When a kindergartner comes home with a working knowledge of photosynthesis, parents and teachers notice. “That was the clincher,” says Tiffany Adamski, Interim Principal at Central Academy of Ohio. The photosynthesis unit had been part of the pilot program for the International Baccalaureate (IB), a comprehensive, collaborative, whole-child approach to teaching and learning. When the 5 year old kindergartner’s mom reported her astonishment at her child’s understanding of such a complex process, teachers started to feel confident that the IB was right for Central.
Getting the IB program designation is hard work. “There’s a rigorous application process, and then you spend about a year as a school of interest,” says Adamski. “In that time, school personnel really dive into the inner workings of the current programming in order to decide whether there’s a good fit with the IB.” Central now enters the 1-2 year candidacy stage, when a consultant from the IB will help develop and fully implement the program school wide. “There are only nine IB Primary Year Programs in the state, and we are on our way to being number ten,” says Adamski. So far, there’s a lot of excitement. “After the first level of IB training, our teachers came back with amazing ideas and put together some spectacular lessons that had parents calling the school to talk about the differences.”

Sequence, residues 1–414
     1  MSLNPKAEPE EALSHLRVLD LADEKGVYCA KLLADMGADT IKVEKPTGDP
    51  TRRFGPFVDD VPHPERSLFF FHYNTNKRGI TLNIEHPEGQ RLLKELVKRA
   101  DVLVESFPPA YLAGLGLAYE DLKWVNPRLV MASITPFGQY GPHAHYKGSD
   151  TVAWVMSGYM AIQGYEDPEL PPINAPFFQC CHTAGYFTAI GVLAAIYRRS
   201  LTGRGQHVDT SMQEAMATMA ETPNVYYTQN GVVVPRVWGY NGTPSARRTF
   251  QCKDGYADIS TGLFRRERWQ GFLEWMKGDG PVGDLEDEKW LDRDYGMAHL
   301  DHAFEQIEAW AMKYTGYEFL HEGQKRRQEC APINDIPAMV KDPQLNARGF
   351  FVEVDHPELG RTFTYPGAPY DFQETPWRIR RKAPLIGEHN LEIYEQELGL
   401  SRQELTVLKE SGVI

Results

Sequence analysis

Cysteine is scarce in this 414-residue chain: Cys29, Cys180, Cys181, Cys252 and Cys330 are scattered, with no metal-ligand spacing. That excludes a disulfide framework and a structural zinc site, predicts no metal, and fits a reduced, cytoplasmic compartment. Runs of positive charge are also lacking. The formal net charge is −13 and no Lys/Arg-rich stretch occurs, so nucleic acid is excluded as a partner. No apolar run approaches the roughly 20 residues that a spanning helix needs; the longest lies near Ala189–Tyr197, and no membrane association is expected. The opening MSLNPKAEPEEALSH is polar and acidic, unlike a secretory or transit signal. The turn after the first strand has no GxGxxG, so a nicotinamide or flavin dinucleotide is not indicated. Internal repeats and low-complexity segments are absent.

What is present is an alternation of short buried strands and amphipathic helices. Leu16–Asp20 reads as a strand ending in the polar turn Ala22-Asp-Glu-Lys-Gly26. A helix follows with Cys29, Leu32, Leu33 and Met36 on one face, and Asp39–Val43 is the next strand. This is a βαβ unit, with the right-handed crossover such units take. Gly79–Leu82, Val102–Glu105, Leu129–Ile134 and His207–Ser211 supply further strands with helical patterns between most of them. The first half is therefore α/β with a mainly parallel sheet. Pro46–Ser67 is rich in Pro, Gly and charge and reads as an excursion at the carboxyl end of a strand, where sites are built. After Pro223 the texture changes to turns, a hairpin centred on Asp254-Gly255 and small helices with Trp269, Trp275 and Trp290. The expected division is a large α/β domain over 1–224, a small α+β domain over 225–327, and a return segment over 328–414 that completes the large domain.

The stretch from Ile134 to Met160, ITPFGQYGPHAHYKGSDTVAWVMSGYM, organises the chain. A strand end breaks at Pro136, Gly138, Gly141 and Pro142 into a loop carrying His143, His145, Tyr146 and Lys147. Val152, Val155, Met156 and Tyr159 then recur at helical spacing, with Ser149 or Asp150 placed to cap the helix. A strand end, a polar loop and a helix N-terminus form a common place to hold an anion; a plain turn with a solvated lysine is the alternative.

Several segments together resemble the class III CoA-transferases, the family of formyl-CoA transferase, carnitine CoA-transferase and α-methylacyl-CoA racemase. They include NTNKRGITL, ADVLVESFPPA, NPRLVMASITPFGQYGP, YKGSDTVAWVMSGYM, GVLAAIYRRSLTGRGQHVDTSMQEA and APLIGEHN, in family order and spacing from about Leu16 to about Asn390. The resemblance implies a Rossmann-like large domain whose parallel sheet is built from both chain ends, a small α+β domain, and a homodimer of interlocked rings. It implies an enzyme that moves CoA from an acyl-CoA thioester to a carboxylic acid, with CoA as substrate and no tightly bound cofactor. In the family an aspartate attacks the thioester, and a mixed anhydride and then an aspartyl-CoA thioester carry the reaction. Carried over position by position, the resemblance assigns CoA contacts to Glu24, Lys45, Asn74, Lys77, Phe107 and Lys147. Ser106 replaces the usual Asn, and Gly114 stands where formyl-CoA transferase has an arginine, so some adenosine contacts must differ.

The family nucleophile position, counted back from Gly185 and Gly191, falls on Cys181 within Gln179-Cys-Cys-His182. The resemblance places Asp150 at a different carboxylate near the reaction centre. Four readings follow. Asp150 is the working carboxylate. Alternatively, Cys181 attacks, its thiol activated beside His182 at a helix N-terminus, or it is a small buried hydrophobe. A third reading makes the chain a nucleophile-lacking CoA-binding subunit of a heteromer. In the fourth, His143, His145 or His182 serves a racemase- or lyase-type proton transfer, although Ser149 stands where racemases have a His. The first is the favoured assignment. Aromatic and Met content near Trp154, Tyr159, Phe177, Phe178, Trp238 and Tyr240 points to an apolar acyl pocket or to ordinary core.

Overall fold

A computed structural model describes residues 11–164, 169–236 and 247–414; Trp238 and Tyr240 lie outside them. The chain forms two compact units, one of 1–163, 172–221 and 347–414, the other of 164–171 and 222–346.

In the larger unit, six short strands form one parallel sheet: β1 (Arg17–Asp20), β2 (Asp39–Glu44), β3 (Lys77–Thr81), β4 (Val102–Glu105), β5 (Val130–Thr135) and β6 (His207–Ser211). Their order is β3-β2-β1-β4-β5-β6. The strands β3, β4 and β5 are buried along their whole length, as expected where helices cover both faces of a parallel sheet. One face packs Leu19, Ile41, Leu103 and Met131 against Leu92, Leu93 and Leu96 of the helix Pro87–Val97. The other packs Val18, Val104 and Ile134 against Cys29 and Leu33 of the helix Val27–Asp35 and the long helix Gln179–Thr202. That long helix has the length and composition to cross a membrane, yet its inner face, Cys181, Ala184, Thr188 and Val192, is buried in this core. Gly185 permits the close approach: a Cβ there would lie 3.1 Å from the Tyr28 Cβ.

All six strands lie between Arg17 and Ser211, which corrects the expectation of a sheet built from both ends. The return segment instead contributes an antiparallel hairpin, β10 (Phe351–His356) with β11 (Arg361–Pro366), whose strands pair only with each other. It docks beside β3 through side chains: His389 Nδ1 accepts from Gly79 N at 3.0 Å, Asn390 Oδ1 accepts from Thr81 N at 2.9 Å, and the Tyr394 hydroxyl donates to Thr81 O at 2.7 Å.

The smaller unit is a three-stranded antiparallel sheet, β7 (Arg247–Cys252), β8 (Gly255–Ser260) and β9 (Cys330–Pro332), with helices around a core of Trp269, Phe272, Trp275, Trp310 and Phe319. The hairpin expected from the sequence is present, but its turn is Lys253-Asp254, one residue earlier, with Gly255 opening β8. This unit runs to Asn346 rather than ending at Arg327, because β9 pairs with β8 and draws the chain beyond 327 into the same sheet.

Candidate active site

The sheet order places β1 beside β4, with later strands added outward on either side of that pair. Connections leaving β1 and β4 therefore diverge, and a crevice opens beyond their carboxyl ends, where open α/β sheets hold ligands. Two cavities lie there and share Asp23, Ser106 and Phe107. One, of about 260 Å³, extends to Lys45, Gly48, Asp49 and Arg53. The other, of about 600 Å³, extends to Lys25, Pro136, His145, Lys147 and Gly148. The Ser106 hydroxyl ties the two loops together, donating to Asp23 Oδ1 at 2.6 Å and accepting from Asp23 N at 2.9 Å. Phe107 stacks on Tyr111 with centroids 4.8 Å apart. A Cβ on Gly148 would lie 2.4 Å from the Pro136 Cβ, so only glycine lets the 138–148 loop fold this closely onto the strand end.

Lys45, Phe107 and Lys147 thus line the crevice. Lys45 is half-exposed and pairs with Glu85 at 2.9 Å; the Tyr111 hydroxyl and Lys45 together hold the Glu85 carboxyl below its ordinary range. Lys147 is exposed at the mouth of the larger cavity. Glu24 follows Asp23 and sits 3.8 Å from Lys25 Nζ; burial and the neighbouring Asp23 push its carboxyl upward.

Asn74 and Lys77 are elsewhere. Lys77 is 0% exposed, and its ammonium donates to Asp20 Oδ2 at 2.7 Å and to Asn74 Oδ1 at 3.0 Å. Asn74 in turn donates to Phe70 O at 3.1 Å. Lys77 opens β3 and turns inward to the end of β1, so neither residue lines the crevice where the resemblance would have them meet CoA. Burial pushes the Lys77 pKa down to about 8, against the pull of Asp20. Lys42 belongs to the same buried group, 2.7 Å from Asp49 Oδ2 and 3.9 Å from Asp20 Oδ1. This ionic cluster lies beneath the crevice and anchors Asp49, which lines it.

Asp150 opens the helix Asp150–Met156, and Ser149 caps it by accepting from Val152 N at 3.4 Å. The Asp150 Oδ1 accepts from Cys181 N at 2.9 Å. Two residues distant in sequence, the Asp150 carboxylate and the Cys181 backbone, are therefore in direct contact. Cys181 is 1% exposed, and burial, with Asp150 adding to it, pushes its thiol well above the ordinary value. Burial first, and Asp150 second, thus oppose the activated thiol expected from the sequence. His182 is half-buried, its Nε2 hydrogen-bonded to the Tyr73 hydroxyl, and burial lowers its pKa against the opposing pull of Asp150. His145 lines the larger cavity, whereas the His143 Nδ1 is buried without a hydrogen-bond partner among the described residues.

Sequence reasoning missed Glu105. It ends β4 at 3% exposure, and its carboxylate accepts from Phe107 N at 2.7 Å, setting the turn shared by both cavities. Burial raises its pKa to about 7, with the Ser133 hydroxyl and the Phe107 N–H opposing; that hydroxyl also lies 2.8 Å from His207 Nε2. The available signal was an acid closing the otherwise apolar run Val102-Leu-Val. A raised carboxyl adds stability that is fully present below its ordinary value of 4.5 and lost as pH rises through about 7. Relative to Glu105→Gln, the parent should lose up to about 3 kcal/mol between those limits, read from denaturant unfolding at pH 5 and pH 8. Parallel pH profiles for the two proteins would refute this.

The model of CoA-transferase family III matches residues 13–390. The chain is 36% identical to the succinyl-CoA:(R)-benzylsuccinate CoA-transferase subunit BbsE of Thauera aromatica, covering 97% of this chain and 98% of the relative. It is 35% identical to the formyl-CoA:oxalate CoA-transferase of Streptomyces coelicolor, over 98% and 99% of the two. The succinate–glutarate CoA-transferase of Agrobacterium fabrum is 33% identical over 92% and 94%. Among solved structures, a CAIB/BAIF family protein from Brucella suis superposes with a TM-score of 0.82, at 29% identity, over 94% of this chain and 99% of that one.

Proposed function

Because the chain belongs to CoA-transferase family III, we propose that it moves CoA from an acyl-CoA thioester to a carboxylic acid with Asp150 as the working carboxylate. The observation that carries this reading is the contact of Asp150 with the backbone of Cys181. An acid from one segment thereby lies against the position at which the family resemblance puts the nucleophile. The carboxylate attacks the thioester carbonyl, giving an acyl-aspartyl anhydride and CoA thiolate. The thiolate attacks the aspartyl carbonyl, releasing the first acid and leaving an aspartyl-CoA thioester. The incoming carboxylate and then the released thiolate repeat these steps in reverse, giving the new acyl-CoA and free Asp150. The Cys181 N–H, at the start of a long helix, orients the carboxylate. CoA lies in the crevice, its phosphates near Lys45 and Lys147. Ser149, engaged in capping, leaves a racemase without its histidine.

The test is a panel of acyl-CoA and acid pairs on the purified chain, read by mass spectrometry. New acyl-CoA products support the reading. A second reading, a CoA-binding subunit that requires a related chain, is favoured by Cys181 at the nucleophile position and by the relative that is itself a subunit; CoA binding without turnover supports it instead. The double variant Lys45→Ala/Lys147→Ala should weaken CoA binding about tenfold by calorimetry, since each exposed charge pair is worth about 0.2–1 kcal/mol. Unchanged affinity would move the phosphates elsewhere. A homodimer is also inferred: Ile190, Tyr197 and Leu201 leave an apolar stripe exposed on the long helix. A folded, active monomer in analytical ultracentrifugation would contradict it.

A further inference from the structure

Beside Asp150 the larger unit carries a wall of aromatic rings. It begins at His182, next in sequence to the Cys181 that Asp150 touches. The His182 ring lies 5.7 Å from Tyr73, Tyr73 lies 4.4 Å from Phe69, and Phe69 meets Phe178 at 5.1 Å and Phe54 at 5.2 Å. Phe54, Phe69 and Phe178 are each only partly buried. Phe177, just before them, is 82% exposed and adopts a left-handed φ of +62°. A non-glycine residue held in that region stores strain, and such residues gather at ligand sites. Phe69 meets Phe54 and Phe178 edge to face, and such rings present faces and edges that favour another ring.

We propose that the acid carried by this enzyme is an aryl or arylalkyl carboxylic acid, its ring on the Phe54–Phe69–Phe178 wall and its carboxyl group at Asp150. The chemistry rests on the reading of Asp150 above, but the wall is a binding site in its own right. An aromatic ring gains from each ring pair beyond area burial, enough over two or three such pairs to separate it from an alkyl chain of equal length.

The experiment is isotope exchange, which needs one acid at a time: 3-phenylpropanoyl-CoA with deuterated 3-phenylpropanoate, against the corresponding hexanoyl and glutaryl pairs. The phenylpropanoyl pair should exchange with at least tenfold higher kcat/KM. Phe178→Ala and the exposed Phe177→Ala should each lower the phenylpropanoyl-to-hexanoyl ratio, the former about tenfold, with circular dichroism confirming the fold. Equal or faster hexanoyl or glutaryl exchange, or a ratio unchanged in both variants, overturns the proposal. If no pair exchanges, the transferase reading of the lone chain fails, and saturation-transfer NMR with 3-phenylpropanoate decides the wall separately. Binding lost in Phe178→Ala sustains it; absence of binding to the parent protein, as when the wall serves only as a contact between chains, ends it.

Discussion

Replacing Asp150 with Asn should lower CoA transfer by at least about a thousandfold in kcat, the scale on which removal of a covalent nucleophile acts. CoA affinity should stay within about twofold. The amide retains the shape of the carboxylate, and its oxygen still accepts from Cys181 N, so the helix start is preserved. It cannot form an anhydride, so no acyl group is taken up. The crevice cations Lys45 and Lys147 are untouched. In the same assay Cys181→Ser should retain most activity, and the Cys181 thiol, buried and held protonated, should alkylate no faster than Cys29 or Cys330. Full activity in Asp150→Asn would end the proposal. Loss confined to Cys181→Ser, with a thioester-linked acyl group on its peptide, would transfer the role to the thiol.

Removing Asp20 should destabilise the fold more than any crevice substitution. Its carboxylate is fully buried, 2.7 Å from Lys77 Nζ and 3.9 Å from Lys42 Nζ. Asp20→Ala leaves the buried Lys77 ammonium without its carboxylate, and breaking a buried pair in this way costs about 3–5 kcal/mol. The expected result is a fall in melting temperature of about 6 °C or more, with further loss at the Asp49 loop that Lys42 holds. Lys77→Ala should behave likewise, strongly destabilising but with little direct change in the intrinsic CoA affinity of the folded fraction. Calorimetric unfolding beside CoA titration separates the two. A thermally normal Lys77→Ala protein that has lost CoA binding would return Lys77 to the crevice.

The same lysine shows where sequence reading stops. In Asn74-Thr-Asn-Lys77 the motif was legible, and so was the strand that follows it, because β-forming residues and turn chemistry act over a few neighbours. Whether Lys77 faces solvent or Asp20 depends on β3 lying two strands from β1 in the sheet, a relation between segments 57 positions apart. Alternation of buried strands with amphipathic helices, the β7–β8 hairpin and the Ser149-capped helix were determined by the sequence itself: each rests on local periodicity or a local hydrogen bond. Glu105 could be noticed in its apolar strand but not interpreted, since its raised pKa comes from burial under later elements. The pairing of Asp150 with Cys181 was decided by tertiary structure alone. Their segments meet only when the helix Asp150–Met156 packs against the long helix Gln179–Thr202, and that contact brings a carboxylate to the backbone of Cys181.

Central Academy of Ohio, www.ohiocentralacademy.net